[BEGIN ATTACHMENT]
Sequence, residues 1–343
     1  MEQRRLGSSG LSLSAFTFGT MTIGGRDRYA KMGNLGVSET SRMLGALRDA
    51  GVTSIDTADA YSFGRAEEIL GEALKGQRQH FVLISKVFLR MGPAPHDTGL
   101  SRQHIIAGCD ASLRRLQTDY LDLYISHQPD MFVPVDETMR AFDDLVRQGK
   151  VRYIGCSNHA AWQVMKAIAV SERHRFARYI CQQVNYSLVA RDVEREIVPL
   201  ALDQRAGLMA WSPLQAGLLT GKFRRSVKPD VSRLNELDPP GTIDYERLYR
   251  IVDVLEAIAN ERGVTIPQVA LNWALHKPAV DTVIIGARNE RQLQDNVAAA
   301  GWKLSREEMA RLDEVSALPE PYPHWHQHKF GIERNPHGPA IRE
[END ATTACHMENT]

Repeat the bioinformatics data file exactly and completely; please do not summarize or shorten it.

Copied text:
Sequence, residues 1–343
     1  MEQRRLGSSG LSLSAFTFGT MTIGGRDRYA KMGNLGVSET SRMLGALRDA
    51  GVTSIDTADA YSFGRAEEIL GEALKGQRQH FVLISKVFLR MGPAPHDTGL
   101  SRQHIIAGCD ASLRRLQTDY LDLYISHQPD MFVPVDETMR AFDDLVRQGK
   151  VRYIGCSNHA AWQVMKAIAV SERHRFARYI CQQVNYSLVA RDVEREIVPL
   201  ALDQRAGLMA WSPLQAGLLT GKFRRSVKPD VSRLNELDPP GTIDYERLYR
   251  IVDVLEAIAN ERGVTIPQVA LNWALHKPAV DTVIIGARNE RQLQDNVAAA
   301  GWKLSREEMA RLDEVSALPE PYPHWHQHKF GIERNPHGPA IRE